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Vance Johnson of Breckenridge, Minnesota, has offered up a 60-acre field for five years of study on soil health and conservation practices.
The North Dakota Soybean Processors plant at Casselton and the Green Bison plant at Spiritwood are signs of the growing demand for renewable fuel as well as feed for the livestock industry.
A North Dakota potato breeder brings in a speaker from Wyoming who has trained a dog to detect potato virus diseases using their nose.
"Last year at this time, when we already were watching the U.S. Drought Monitor turn redder and redder every week, we would have danced with joy to see even one of the storms we've had this year. But right now, at this minute, can it please stop?"
Titan Machinery was not present at the 2021 Big Iron Farm Show, but will be attending the 2022 Big Iron Farm Show this fall.
Meteorlogist and commodity trading advisor Jim Roemer is the owner of Best Weather Inc., and co-founder of Climate Predict, a long-range global weather forecast tool.
Rather than a hot, dry summer, StormTRACKER meteorologist John Wheeler says the excessively wet spring in the northern Plains — and North Dakota in particular — may mean the region will end up with a warm, wet beginning of summer. Wheeler's agriweather forecast discusses the impact of all the moisture on the continuing weather pattern.
This week on AgweekTV, we'll take a closer look at the future of soybean crushing in North Dakota with two big plants on the horizon. We'll visit the southern Red River Valley, where corn planting is finally getting started. We'll begin our "Follow A Farmer" series once again, where we'll meet a 22-year-old ag engineering graduate who's beginning her career as a full-time farmer. And a well-known group that helps farmers in need is at the mercy of Mother Nature.
The markets — and the wheat markets in particular — started off on fire this week, said Don Wick of the Red River Farm Network. But as he and Randy Martinson of Martinson Ag Risk Management discussed on this week's Agweek Market Wrap, sponsored by Gateway Building Systems, most of the gains were lost by the end of the week.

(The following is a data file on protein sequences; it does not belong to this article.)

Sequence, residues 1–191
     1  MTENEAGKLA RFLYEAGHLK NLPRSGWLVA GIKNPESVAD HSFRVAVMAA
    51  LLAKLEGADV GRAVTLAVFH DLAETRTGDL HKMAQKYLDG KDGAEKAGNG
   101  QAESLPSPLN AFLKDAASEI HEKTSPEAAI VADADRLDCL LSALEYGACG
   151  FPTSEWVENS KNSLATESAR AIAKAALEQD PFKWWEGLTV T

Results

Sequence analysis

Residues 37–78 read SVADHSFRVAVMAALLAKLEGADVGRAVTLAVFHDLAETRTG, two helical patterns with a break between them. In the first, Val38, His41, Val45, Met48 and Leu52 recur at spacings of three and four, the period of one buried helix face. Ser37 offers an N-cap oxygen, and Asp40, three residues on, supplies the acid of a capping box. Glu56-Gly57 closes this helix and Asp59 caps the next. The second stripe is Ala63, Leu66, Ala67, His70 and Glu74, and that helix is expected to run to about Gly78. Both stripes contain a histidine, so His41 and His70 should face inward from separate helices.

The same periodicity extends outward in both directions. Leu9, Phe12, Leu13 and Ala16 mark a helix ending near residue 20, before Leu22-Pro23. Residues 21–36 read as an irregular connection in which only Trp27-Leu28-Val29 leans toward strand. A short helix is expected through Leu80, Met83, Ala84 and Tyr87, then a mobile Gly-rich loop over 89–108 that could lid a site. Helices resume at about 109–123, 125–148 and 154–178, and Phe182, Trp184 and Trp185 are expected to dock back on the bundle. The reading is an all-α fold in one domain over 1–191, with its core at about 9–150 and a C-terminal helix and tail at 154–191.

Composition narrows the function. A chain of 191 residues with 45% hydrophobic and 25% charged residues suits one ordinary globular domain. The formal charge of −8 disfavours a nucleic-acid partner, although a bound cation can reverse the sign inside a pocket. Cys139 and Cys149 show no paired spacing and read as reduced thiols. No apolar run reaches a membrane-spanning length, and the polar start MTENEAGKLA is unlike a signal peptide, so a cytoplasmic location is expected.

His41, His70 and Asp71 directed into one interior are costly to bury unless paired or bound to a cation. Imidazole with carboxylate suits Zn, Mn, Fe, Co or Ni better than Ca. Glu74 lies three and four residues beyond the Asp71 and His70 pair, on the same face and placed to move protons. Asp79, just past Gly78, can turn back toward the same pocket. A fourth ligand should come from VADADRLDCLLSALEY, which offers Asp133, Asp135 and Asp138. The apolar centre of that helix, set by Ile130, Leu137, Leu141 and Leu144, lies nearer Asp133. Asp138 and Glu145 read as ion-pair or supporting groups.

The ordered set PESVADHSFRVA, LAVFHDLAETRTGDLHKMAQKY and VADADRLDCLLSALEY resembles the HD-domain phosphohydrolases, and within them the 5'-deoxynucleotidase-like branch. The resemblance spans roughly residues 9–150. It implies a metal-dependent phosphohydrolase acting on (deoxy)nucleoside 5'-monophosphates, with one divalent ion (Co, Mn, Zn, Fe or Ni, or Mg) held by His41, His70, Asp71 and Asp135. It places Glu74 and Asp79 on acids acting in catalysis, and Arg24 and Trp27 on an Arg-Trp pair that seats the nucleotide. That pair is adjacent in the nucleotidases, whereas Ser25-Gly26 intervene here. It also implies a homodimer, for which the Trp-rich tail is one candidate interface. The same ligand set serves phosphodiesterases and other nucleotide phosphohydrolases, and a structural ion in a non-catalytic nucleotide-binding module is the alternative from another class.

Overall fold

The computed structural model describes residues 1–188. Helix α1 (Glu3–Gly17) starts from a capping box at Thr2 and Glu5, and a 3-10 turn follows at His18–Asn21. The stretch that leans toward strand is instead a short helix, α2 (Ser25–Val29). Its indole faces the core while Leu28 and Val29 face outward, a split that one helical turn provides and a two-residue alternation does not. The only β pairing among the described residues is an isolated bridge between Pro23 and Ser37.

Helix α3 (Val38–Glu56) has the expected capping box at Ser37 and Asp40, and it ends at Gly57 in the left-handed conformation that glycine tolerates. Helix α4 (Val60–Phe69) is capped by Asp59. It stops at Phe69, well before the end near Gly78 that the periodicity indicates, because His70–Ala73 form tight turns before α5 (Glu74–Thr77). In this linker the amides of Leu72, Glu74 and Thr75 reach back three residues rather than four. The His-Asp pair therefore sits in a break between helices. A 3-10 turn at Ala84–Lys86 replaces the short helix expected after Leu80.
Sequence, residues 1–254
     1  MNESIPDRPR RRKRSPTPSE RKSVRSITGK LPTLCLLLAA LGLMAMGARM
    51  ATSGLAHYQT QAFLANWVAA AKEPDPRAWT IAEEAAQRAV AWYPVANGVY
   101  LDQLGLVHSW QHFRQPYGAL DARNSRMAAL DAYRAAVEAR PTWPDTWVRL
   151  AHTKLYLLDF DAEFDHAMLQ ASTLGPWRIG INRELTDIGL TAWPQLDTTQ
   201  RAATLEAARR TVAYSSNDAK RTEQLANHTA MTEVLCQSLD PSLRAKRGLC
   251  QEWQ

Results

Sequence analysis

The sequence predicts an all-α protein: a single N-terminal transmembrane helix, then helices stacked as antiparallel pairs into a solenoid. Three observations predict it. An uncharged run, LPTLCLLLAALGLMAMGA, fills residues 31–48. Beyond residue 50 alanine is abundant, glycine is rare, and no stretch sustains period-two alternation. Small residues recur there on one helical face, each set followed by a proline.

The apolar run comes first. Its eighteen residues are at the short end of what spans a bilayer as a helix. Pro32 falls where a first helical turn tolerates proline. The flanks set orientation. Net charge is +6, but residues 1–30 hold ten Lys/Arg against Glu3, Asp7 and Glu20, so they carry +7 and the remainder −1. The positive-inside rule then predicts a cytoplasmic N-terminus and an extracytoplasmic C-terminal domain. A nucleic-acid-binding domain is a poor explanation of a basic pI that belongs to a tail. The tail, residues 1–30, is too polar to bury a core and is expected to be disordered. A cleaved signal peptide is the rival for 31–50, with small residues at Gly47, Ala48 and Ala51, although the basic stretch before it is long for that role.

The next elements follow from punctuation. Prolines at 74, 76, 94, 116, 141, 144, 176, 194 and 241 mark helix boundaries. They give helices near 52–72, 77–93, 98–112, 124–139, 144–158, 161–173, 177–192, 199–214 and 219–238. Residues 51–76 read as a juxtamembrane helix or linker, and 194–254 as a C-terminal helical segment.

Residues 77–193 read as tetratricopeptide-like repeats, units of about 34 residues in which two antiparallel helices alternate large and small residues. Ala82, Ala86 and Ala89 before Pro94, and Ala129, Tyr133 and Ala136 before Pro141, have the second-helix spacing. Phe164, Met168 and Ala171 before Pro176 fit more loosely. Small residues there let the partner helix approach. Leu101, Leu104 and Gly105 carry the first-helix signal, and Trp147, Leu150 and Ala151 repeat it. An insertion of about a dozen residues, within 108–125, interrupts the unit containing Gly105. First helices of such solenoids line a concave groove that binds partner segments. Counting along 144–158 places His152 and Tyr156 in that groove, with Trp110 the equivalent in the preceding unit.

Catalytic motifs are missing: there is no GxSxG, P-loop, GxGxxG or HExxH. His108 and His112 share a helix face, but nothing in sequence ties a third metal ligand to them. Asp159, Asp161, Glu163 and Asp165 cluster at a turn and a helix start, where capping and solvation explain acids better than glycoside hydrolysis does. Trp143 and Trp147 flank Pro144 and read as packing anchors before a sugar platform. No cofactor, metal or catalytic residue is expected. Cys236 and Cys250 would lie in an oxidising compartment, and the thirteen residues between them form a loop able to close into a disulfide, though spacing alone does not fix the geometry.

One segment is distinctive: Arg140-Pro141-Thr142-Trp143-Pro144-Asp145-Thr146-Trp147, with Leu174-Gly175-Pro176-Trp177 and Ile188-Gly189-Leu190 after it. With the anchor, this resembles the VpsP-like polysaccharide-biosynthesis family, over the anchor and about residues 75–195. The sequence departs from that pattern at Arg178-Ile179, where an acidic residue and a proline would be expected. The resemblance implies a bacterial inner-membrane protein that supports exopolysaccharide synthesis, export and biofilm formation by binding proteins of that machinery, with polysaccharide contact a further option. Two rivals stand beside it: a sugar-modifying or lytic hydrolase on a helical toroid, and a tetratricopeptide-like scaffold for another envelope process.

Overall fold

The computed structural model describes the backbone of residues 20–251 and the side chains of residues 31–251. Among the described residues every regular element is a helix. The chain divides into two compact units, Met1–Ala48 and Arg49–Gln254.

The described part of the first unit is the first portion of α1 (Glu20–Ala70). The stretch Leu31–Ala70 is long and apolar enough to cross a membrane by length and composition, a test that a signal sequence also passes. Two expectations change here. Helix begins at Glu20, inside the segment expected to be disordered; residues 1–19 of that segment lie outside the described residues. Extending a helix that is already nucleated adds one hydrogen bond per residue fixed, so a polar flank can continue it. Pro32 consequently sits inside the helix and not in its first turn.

The decision means carbon pipeline companies must file for a siting permit with the Minnesota Public Utilities Commission. Without statewide authority, permitting would have been left up to individual counties along the pipeline route.
The weather and various USDA reports continue to be the main drivers in the markets.
Terry Yockey, volunteer leader for the Goodhue County Extension Master Gardeners, said the pandemic brought an uptick in master gardener participation.
Farm Service Agency Administrator Zach Ducheneaux and other officials visited Minnesota farms on May 19 to take a look at the damage from the storm that blew through a week before. High winds ripped apart grain bins and mangled irrigation and other equipment as well as damaging houses and other buildings.
Addressing the United Nations Security Council, Blinken appealed to Russia to stop blockading Ukrainian ports.
Monday, May 23, deadline looms for drought relief, supplemental agriculture budget.
Columnist Lovina Eicher says warm weather means spring cleaning for the big upcoming church service.
The seven-stop tour of Farm Credit System-financed projects in Minnesota and Iowa included visits to the Hmong American Farmers Association, Farmamerica, the Minnesota Agricultural Interpretive Center and Lakeview Methodist Health Care Center.
Rain slowed sugarbeet planting in Minnesota and North Dakota.
Nature's beauty from a weather perspective
Summit Carbon Solution's $4.5 billion plan is to connect to 32 ethanol plants in five states: Iowa, Minnesota, Nebraska, North Dakota and South Dakota, sending liquid carbon dioxide from the plants to be stored underground in North Dakota. Summit says the pipeline project will help ethanol plants lower their carbon score by capturing greenhouse gas emissions and piping the CO2 to western North Dakota for underground storage.

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